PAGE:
And then there were the administrators that ran the program. Let’s just say I lacked the ability to enjoy the personalities of a few administrators at the top of the organization.

I enjoyed these people even less after they – sort of – fired me. One of them called me to his office and said they were going to replace me as medical director with a doctor who started a few months earlier. He was willing to work full-time (I wasn’t) and to work at their main campus (I wasn’t – too close to the administrators). I said fine, I understand, that makes sense. This administrator then said he hoped that I would stay on, and continue to be part of their organization.

I said yes, though I’d have to be guaranteed at least 10 hours of work per week for it to be financially feasible for me. He stammered a non-answer, said he’d have to talk to the agency’s president, and that he’d get back with me. On my way out, I was handed a revised schedule for the present month. When I looked at this new revised schedule…I was no longer on it! All of my scheduled hours had been replaced with a variety of other doctors.

OK. Message transmitted. Message received.

My feelings were hurt. I was deeply wounded that despite my loyalty to this OTP, they didn’t value my work. I never would have left that place had I not been forced out.

I’ve traveled down a few roads since then, and have learned many things. Most of all I’ve discovered that leaving that OTP was one of the best things that ever happened to me and my career. When I worked at other OTPs, I discovered new and better ways to do things. I gradually recognized that the reputation of that OTP may have tainted my reputation. After leaving that OTP, I was asked to speak at conferences. I sensed I was more highly regarded by the other doctors working at OTPs in our state, though I could be wrong about that.

I’ve worked treating opioid addiction for nearly thirteen years, and I’ve worked in five separate OTP systems at fourteen different clinic sites. Every site did things a little differently, and I like to think I’ve learned from all of them. The two OTPs where I work now are by far my favorites. These two systems allow me as a physician to decide what’s best for the patient, and both systems try hard to give the best possible care for the opioid addicts they treat.

And here’s a list of things I’ve learned the hard way from the OTPs I didn’t like so much:

1. If an organization has to repeat ad nauseum that they treat patients with dignity and respect, watch out. Dignity and respect should be assumed. There should be no need to crow about it. And if you really want to know what kind of people the administrators are, see how they treat their employees.
2. Never agree to work for a person who calls herself an Apostle. Duh.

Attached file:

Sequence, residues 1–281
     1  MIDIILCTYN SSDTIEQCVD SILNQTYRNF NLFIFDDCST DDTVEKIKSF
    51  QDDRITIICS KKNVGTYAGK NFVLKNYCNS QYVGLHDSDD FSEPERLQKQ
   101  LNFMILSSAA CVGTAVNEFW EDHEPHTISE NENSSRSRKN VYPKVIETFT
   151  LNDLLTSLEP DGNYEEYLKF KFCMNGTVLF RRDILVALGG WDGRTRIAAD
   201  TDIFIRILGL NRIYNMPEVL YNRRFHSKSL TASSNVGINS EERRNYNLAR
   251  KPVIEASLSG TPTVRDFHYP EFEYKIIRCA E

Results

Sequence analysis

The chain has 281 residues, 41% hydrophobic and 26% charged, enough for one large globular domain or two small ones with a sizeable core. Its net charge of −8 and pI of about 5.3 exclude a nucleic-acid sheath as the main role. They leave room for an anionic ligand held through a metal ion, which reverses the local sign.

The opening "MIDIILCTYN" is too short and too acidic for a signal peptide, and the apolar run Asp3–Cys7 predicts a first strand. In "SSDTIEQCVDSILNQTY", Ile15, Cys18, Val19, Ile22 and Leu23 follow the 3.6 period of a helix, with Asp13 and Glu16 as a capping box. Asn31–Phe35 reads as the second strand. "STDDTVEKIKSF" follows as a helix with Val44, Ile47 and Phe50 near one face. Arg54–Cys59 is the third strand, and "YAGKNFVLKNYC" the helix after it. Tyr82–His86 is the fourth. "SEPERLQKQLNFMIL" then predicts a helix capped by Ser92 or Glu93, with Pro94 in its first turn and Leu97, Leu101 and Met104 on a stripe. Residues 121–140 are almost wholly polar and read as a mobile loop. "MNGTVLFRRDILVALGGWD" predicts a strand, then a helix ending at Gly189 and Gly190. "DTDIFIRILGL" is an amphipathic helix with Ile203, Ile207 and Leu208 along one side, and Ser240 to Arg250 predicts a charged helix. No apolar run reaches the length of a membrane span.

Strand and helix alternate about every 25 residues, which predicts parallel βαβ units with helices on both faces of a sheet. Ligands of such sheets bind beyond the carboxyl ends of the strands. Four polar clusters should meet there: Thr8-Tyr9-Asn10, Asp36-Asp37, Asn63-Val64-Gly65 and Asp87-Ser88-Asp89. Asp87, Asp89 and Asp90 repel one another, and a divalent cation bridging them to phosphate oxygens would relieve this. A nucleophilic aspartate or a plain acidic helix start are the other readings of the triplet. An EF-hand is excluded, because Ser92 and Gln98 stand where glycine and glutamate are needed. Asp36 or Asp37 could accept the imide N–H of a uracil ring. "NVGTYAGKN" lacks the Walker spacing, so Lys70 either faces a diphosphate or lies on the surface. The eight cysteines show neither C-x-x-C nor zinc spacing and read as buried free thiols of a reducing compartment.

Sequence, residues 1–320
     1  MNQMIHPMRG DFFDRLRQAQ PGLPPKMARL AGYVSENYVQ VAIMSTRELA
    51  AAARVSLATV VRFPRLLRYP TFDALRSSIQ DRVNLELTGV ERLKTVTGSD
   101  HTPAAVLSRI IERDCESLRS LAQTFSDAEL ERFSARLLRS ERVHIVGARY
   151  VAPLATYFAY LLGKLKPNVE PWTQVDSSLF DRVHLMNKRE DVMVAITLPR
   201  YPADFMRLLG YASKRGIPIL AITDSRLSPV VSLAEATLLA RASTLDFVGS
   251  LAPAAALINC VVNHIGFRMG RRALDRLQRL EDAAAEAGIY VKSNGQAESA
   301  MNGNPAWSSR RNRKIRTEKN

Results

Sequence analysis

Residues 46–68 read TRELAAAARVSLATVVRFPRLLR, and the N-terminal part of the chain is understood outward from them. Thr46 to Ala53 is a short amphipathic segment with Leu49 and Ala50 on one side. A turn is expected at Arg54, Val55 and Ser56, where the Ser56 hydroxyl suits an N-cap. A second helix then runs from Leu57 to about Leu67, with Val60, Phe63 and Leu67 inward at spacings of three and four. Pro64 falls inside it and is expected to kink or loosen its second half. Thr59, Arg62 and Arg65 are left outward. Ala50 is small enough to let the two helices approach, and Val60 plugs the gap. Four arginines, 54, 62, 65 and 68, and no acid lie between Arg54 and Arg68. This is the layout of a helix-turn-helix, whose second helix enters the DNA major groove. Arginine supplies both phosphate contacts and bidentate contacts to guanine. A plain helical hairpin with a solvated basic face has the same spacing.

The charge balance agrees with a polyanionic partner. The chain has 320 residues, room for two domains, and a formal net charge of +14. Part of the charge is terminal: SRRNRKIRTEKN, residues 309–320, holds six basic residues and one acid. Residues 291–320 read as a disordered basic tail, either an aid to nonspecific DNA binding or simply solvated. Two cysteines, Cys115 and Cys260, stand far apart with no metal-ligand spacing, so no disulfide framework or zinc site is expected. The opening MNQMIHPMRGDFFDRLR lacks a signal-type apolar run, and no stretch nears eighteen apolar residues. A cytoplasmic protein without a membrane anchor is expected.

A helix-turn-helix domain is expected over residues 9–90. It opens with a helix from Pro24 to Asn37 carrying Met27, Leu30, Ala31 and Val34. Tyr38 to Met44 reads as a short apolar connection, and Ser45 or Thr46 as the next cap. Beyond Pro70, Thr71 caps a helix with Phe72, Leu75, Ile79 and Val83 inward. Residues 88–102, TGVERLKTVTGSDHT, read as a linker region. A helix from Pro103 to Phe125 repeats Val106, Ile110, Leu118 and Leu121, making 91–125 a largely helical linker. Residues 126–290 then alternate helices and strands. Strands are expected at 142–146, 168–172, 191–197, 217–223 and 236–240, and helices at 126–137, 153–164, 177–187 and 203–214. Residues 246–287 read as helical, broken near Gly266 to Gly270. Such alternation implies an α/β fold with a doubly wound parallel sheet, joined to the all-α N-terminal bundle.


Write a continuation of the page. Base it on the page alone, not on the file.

3. When the first paycheck bounces, it’s time to quit. It’s not going to get better.
4. Some administrators speak with forked tongue. If the individual is also a lawyer, he’s likely speaking out the side of his neck with his forked tongue.
5. If the CEO of the for-profit company calls a patient at home to contradict the doctor…it’s time for the doctor to formulate an exit strategy. Quickly. And file a complaint with the state methadone authority on the way out the door.
6. If an OTP treated a previous doctor poorly, they WILL do the same to you. It’s only a question of when.
7. If your OTP is using a DOS-based system as of 2008, the IT department is hopeless. If an update is planned, it probably involves a chisel and stone tablet.
8. Why yes, the head of personnel, who dresses in black when she travels to program locations to fire people, does have a personality disorder.
9. The president of the organization, who has been successfully sued for firing a female employee for refusing to shave her legs, should NOT be the one to do the diversity training.
10. Don’t give sarcastic answers to stupid questions. When an administrator asked me why we couldn’t dose methadone patients with liquid valium to treat co-occurring benzodiazepine addiction, my answer, “Sure. Let’s mix it with some Jack Daniels and give ‘em a fat one to burn on the way home, too,” was not appreciated.

I’ve learned many things the hard way, but at least I’ve learned. Most of all, I’ve learned that other people often have better ideas than me, and that I need to remain teachable to continue to improve as a professional.

Celebrity Overdose Deaths

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Recently, the overdose death of a beloved celebrity restarted discussion of addiction treatment in the mainstream media. I have mixed feelings about such discussions.

On the one hand, I don’t think it’s appropriate for outsiders to comment on whether the celebrity got the best available treatment. It feels reckless for someone to say he should have had this treatment or that, without being privy to the personal medical history of the celebrity. Those details can make a big difference in deciding the most appropriate treatment. Of course in hindsight we can say the treatment chosen didn’t work… but as I’m painfully aware, even the best evidence-based treatments can have disastrous outcomes in individual patients.

On the other hand, celebrity deaths can focus the public on pertinent addiction issues facing society. For example, the death of 1980’s basketball star Len Bias helped change public perception about the risks of cocaine use. Mr. Bias, the second overall draft pick of the NBA in 1986, was the picture of physical health. When this young man died of a cardiac arrhythmia from cocaine use, people stopped looking at cocaine as a harmless party drug. There was a shift to a more realistic view of cocaine as a potentially addictive drug that can cause serious medical problems, including death, even in young healthy people. It’s possible Len Bias’s death, untimely and tragic, saved some number of young people from experimenting and becoming addicted to cocaine.